Year after year, as children, we are told and expected to be excited for Santa Claus.
(Which turned out to be a big fat lie.)
We anticipate the big, jolly man coming down our chimney. (But since I lived in an apartment, he could just come through the front door instead—easy peasy).
We tear off our colorful construction paper rings with excitement, just imagining what we may behold on this wondrous day.
Growing up around alcoholism and drug addiction, Christmas didn’t hold the same magic. I was an only child, so there was no excitement between siblings. The truth is there was stress upon worsening stress over money, and the biggest problem I see now was expectations.
There was the time I was worried my mom wouldn’t have anything to open, so I went to her bottom drawer and pulled out all of her old clothes and wrapped them up for Xmas morning. That didn’t go over well.
There was the time our power went out on Christmas morning and instead of her being able to cook, she cried about having to go down to the corner market for sub sandwiches, but then they were closed, which further escalated her woes.
As a teen, one year, I had gone to visit my boyfriend in Utah and flew home on Christmas morning with hickeys all over my neck, and then showed up to our extended families festivities like nothing was different.
There was no magic for me at Christmas time. No trains circling the tree, no Santa, no cookie making, and definitely no happiness. It was a complete and total bummer year after year. (Unless you count the time I got a Cabbage Patch Kid in fourth grade. Someone must have helped us out that year.)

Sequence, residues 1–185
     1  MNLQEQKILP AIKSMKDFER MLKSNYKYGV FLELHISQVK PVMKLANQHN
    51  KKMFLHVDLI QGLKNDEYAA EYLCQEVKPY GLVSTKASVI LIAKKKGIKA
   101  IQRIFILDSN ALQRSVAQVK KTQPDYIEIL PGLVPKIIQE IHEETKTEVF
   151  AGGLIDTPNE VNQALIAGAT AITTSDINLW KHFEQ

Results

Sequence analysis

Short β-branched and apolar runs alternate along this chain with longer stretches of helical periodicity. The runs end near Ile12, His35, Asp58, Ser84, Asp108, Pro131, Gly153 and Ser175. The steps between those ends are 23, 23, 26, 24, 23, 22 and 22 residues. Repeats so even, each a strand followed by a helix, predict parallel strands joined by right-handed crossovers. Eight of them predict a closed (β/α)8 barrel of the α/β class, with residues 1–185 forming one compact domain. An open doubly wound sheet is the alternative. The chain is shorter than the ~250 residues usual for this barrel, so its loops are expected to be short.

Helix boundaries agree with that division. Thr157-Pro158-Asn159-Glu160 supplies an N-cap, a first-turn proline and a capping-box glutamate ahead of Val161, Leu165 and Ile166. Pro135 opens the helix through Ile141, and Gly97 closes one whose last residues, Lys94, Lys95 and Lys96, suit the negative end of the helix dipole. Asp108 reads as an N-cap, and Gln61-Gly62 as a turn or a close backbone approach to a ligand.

For me, having children made Christmas seem fun again. Watching the excitement through your child’s eyes makes it all worthwhile. Having enough income to actually celebrate Christmas is what makes it feel fun and not stressful. I get excited about driving around looking at the beauty of Christmas lights. I enjoy attending a Christmas Eve service, and enjoy buying and receiving gifts from family and friends.
Now onto what happened last year:
First, I cried and had a fit when my son wouldn’t come to drive around with lights with me, and my husband was busy working. I think some stuck grief was needing to come up and out because I felt so alone and was probably projecting my sadness onto this one situation, when in reality, it was a snowball of years of feeling let down and alone around this holiday.
I ended up going alone and had a fine time. I even thought maybe it was better, as I could go at my own pace and not hear complaints from the back seat.
We are in a new state and moving here took a toll on our finances. The first two years we were here, we had used up all of our savings we had to move, and started digging into our retirement. When Christmas would come, we would quickly realize we couldn’t afford to buy gifts; but instead of breaking the truthful news to family, we would show up with our fake smiles and distribute things purchased from our retirement account. Yuck.
I have been adjusting to having in-laws after a life without a “real family.” I had a hard time adjusting to people who do things differently, and where there is no drinking, arguing, fighting, and vulgarity.